While there’s nothing new under the sun, somethings are blatant rip-offs. And although it's perfectly possible to successfully repeat an established character or familiar story concept, those successes are fairly rare (not that it stops people trying).
The problem is most people steal the wrong bit of a story. The superficial, obvious stuff isn’t what makes a story work, it’s just the easiest to copy.
It’s Cinderella, but she’s a vampire who has to leave the Prince’s Ball before dawn...
I see a lot of that sort of cosmetic change. Cinderella is an android, it’s Princess Charming, it’s set in Nazi Germany... I could do you a hundred variations.
The plot's already written, people are comfortable with the familiar and plenty of other writers get away with it, so why not you?
And that’s perfectly fine. If you’re happy working at that level, I certainly have no issue with it. But there is a way to take what you find engaging about a story and make it your own.
Take Star Wars as an example. Sure, turning out to be a Jedi is cool for Luke, but that born to be king set up has never impressed me. Han Solo, on the other hand, too cool for school. But he’s a criminal so why is he so loved? I think because even though he doesn’t play by the rules, he takes on far superior opponents.
If we’re having a race, and you’re in a car and I’m on a bike, people are going to be rooting for me. Even if I cheat, you’ll be treated like you deserved to lose. But Han Solo will not only take that race, he’ll sit on his bike and let you and your Ferarri have a head start. There’s something very appealing about that.
That idea of the confident underdog is probably not how other people would see that character. But once I have it in my head, anywhere I take it won’t feel like a Star Wars knock-off.
Or Harry Potter. Kids and magic and boarding school, those are the things most fan writers focus on. This leads to a school for druids, a college for witches, etc. But if you narrow your focus and choose a specific moment, that can inspire you far more than the overall idea. Anything in a favourite story that makes you feel something or sticks in your mind.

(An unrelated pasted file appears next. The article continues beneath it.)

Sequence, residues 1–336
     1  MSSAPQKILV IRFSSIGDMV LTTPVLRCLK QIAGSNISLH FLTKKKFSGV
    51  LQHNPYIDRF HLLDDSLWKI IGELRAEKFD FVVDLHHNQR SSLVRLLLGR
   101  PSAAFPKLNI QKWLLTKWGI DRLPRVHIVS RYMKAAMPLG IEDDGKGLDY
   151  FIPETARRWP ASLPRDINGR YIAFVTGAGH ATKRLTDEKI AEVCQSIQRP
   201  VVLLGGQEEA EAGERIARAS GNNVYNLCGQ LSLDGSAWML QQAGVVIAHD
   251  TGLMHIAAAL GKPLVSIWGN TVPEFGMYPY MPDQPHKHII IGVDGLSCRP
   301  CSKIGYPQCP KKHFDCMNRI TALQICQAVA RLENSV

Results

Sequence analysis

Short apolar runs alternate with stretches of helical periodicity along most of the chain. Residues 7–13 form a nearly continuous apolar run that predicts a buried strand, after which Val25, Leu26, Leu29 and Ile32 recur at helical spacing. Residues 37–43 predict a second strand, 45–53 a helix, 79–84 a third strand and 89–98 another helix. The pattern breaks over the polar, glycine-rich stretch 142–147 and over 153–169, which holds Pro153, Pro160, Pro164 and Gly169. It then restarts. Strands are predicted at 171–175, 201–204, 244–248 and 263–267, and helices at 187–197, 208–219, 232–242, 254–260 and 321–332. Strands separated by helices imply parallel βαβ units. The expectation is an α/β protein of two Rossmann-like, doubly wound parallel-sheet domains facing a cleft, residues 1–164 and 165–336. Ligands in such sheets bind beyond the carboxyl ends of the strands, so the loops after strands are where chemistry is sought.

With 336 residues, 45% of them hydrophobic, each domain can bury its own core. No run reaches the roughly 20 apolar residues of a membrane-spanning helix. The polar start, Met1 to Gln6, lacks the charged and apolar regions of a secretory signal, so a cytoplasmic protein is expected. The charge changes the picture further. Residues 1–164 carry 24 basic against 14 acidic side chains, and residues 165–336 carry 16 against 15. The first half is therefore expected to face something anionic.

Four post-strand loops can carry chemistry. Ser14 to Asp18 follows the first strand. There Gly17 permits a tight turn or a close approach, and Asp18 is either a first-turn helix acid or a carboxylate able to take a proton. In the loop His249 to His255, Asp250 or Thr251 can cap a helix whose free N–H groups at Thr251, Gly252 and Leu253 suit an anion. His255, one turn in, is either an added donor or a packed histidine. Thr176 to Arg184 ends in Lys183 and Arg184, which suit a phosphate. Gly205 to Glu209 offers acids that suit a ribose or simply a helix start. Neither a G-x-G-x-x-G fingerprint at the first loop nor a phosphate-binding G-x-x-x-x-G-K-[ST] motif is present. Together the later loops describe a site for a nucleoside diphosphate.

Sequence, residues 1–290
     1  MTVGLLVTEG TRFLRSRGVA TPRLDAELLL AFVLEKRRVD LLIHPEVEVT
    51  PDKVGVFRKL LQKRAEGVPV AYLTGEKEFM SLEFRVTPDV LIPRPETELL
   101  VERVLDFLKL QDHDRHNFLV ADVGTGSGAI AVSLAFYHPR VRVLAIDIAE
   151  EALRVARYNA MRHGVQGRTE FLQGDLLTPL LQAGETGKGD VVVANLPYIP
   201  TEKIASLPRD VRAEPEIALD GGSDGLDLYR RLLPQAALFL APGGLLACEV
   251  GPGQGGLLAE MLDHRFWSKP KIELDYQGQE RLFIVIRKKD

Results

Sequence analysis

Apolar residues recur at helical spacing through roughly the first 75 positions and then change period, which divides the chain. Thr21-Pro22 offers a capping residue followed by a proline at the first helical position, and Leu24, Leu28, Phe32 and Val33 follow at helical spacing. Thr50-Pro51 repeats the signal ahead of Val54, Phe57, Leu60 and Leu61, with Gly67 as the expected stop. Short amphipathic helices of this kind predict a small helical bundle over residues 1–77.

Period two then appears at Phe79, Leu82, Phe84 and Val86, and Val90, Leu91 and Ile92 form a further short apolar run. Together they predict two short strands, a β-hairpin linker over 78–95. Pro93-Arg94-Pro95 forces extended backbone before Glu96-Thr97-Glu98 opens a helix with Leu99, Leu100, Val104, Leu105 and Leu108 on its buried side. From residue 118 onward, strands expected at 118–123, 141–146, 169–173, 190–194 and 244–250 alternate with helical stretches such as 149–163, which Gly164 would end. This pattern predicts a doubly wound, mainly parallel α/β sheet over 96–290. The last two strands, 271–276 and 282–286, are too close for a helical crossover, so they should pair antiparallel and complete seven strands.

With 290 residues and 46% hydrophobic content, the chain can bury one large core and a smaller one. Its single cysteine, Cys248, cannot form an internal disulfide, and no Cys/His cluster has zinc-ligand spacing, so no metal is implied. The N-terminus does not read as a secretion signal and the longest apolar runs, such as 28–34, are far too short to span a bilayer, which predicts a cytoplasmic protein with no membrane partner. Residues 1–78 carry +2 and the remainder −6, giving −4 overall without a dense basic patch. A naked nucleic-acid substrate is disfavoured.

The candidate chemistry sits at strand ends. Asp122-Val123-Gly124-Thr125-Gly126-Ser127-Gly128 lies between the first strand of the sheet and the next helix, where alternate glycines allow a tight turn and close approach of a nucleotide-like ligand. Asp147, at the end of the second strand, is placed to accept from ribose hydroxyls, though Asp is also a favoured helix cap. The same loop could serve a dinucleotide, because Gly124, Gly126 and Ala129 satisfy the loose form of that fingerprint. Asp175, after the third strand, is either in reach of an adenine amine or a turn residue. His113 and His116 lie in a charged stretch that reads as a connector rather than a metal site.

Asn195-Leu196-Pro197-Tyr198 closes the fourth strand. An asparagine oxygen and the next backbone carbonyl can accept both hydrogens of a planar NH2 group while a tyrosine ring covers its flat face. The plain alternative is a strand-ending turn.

In my case, I find the idea of the Mirror of Erised interesting. It shows you the thing you desire the most, and dead parents are obviously emotionally compelling (although in a world where ghosts exist and often stop to chat, the impact is a little lessened). But the thing I find compelling is the idea of having a definitive answer to the question of what we want most, because in most cases people don’t really know. And having no doubts about what you want can give you a whole new way of looking at things.
If I take that idea and run with it what I end up with is a President who is shown a computer that can work out from choices inputted the likely outcome. Meant for the battlefield it can also predict more mundane things. When the President inputs silly suggestions, assassinating opponents, lying to force through legislation, banning media outlets, the predicted outcome is a utopian America. Heinous acts would lead to a paradise on earth...
Now, I’m not saying that’s a good idea for a story, what I’m saying is if I told you that’s what my story’s about, would you go, “Harry Potter, right?”
The trick is to take that bit you like and start ascribing reasons and motivations that have no basis in fact. My view of what the mirror represents probably isn’t JK Rowlings’s. And that’s a good thing.
1. Narrow your focus.
2. Look at it through your own filter.
3. Create a premise.
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